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Frogs are worshipped for bringing nourishing rains, but blamed for devastating floods. Turtles are admired for their wisdom and longevity, but ridiculed for their sluggish and cowardly behavior. Snakes are respected for their ability to heal and restore life, but despised as symbols of evil. Lizards are revered as beneficent guardian spirits, but feared as the Devil himself.
In this ode to toads and snakes, newts and tuatara, crocodiles and tortoises, herpetologist and science writer Marty Crump explores folklore across the world and throughout time. From creation myths to trickster tales; from associations with fertility and rebirth to fire and rain; and from the use of herps in folk medicines and magic, as food, pets, and gods, to their roles in literature, visual art, music, and dance, Crump reveals both our love and hatred of amphibians and reptiles – and their perceived power. In a world replete with home terrariums at the same time that we're fighting invasive cane toads, and where public attitudes often dictate that the cute and cuddly receive conservation priority over the slimy and venomous, she shows how our complex and conflicting perceptions threaten the conservation of these ecologically vital animals.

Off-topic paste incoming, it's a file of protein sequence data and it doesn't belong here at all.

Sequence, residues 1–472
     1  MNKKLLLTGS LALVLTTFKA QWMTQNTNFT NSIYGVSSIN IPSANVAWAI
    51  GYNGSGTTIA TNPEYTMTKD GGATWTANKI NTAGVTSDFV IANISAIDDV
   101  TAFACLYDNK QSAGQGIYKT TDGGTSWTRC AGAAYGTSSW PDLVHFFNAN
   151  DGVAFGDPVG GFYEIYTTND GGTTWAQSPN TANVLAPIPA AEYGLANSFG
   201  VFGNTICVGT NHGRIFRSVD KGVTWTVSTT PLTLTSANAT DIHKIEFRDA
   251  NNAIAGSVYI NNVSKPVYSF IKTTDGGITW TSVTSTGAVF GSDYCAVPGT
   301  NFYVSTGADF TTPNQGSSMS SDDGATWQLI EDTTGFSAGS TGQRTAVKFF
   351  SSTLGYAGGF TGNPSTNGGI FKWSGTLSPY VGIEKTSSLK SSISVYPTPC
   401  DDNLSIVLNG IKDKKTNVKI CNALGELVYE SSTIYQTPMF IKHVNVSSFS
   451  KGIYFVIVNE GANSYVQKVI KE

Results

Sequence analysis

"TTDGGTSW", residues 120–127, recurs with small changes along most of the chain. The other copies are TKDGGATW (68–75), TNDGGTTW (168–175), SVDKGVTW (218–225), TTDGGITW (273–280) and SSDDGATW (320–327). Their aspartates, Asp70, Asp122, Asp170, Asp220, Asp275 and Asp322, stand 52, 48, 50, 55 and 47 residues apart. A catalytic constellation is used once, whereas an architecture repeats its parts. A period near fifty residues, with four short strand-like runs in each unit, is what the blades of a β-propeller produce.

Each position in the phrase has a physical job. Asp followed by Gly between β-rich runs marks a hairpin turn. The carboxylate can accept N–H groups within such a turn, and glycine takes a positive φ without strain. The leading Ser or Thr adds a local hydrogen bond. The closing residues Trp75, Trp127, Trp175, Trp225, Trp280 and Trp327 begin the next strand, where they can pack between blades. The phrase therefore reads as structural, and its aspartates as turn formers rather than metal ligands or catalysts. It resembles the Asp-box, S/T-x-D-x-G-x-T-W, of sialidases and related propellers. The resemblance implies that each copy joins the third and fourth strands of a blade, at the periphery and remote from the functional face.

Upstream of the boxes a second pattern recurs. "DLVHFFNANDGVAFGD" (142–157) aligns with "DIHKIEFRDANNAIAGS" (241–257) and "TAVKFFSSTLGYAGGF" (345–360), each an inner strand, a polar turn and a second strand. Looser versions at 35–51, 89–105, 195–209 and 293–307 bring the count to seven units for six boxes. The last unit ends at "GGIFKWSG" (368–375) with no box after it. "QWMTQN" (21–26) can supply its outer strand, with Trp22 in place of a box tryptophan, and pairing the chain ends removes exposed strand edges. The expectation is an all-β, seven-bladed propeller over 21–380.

Sumptuously illustrated, Eye of Newt and Toe of Frog, Adder's Fork and Lizard's Leg is a beautiful and enthralling brew of natural history and folklore, sobering science and humor, that leaves us with one irrefutable lesson: love herps. Warts, scales, and all.
1 Talk to the Animals
2 In the Beginning: Creation Myths
3 Snakes: “Good” or “Evil”?
4 Songs and Thunderbolts: Frogs, Snakes, and Rain
5 A Second Chance: Frogs, Snakes, and Rebirth
6 Of Love, Morals, and Death: Amphibians and Reptiles in Folktales
7 The Lighter Side: Trickster Tales and “How” and “Why” Stories
8 Tailless Wonders, Naked Serpents, and Fire Lizards: Perception of Amphibians through Folk Beliefs
9 Marshmallow-Eaters, Methuselahs, Spiny-Backs, Were-Lizards, and Protectors: Perception of Reptiles through Folk Beliefs
10 Move Aside, Viagra: Reptile Sexual Power
11 Pick Your Poison—Blood, Venom, Skin, or Bones: Folk Medicines
12 Like a Hell-Broth, Boil and Bubble: Witchcraft and Magic
13 “How ’bout Them Toad Suckers”: Other Ways We Use Amphibians and Reptiles
14 Singing Tuatara from Their Holes
Marty Crump is currently an adjunct professor of biology at Utah State and Northern Arizona Universities; she has been a herpetologist for more than forty-five years. For at least that long, she has been intrigued with the folklore of amphibians and reptiles. She is the author of In Search of the Golden Frog, Headless Males Make Great Lovers, and Sexy Orchids Make Lousy Lovers, all published by the University of Chicago Press, as well as the recent award-winning children's book, The Mystery of Darwin's Frog. She lives in Logan, UT.